June 11, 2004, The Halifax Herald Limited Catch-all phrase 'aboriginal' harmful
Catch-all phrase 'aboriginal' harmful
ABORIGINAL. If you read newspapers, watch TV, listen to radio, you're eventually going to be treated to a news story about the activities of "aboriginals."
It's a term coined by the federal government to lump First Nations and Inuit peoples into one melting pot. On the south side of the border, the favourite nondescriptive melting pot terms used by the news media and government for First Nations peoples are American Indians and Tribes.
This creeping movement to undermine, and eventually erase, the national identities of North America's First Nations by the dominant Euro societies in Canada and the U.S. is many decades old.
In Canada, it has been earnestly pursued since 1969. That year, the Trudeau government tabled a bill in the House of Commons dubbed the "1969 White Paper." After receiving an almost unanimous thumbs down from First Nations citizens, who were objecting strongly to its assimilation intents, it was withdrawn. The following is a quote from an Aug. 23, 1996 column I wrote about it:
"If the legislation had been enacted, it would have been a clear-cut disaster for Canada's First Nations. These distinct cultures, already threatened by the values of the alien culture which surrounded them, would have been forced into full assimilation without the shield of constitutional protection.
"Before continuing, it must be mentioned that rarely, if ever, did Pierre Trudeau drop a goal he had set for his government; if something presented a barrier to achieving his ends, he found a way to overcome. Therefore, in 1981, when repatriating the Constitution, his government inserted the word 'aboriginal' into Section 35. For a lay person, the word probably seems harmless enough; but Trudeau, being a very intelligent person and a lawyer, must have foreseen that this ambiguous language would spell immense legal problems for First Nations and pave the way for their eventual assimilation.
"This is how Section 35 defines an 'aboriginal' person: (2) In this Act, 'aboriginal peoples of Canada' includes the Indian, Inuit and Metis peoples . . .' The negative fallout from the vague wording of the definition is that by the inclusion of the word 'aboriginal' the Section has created a new race of indigenous peoples called 'aboriginals.' These people . . . are being unilaterally granted aboriginal and treaty rights by federal and provincial governments (and courts).
"In contrast to First Nation and Inuit communities, where membership is clearly defined, and lineage into antiquity is acknowledged, there is no clear definition of who is an aboriginal person. A testament to how loosely the federal government defines an 'aboriginal' person is this definition issued by Employment and Immigration Canada: '. . . refers to a person who perceives himself/herself to be a Status Indian, Non-Status Indian, Metis or Inuit and who is accepted as such by the local Native community.' " One key question, among others, is: what local native community?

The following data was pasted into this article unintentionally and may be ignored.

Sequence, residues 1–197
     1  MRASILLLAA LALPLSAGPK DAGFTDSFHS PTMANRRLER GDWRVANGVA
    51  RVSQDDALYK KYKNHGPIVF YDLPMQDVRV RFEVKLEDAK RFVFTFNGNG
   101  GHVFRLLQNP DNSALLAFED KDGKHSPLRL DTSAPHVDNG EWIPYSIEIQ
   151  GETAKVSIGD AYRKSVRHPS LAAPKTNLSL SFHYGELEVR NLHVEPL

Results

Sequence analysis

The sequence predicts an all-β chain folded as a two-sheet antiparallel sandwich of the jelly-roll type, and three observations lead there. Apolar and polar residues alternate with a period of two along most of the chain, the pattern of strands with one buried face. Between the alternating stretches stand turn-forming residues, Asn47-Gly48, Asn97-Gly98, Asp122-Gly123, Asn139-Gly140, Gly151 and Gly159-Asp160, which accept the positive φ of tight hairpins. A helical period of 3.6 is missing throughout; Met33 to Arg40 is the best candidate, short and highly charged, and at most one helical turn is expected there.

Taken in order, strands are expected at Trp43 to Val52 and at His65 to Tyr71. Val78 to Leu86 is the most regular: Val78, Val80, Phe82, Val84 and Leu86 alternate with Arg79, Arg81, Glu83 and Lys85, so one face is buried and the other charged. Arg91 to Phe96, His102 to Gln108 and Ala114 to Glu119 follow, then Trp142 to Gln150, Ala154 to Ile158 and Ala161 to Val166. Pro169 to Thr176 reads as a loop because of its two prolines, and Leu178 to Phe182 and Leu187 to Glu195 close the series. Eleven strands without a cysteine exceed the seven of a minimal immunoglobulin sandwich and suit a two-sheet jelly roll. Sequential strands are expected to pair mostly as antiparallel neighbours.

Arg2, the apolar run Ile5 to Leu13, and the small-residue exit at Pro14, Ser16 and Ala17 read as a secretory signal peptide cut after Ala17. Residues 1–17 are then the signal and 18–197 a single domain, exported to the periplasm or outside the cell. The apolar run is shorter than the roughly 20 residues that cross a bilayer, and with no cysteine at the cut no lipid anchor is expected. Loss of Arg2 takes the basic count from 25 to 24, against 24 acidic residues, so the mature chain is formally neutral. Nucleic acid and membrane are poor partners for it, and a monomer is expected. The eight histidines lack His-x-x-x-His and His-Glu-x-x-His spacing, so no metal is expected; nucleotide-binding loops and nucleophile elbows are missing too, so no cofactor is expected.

"Resulting from the unclear wording of Section 35, close to two million Canadians, most of whom have no established ties with First Nations, are claiming to be 'aboriginal.' One of the major negative fallouts stemming from the influx into the system of these 'aboriginals' is that it is playing hell with the funds which traditionally have been set aside for the people who are in dire need - First Nation and Inuit peoples. Funds are now being siphoned off for the use of the constitutionally created 'aboriginal.'
"Added to the funding concerns, the loose interpretation of the word 'aboriginal' has also triggered negative court decisions which infringe upon and negate the aboriginal rights of the First Nations and Inuit . . . (T)hese decisions spell bad news for the (long term) retention of aboriginal rights by First Nation and Inuit peoples."
Presently, many "aboriginal" people, who have absolutely no ties with First Nation and Inuit communities, are still being permitted by federal and provincial governments, and courts, to exercise aboriginal hunting and fishing rights.
On the identity issue, since my 1996 column was published, things have got worse - individual First Nation identities have been almost excluded from publication. Examples: I recently read two stories about Bouctouche and Membertou, both Mi'kmaq First Nation communities. In them, the term Mi'kmaq was not used once. Instead, the term "aboriginal" was used exclusively - aboriginal community, aboriginal chief, aboriginal achievement, etc. If a reader didn't know better, there was no way of telling that they were Mi'kmaq.
Adding strength to this assertion, there is, among many other similar news stories, the story of Neil Stonechild, a boy allegedly left on the outskirts of Saskatoon by police to freeze to death - which was part of our daily news for quite some time. Yet, how many of you know that he was a member of the great Cree Nation? Not many, because it was reported almost exclusively that he and his family were "aboriginal."
There is no such thing as a First Nation called "aboriginal," with an aboriginal language, aboriginal culture, etc. The First Nations of North America constitute very distinct indigenous cultures, with very distinct languages, customs, etc. Is it so hard, when describing the activities of one of our First Nations, to use the term Mi'kmaq, Maliseet, Mohawk, Sioux, etc.? Please use them. A Mi'kmaq cannot understand the Sioux language, or vice versa, we are not the same.
National Chief Phil Fontaine, and First Nation leaders in the U.S. should get interested and take steps to reverse this melting pot slide.
Daniel N. Paul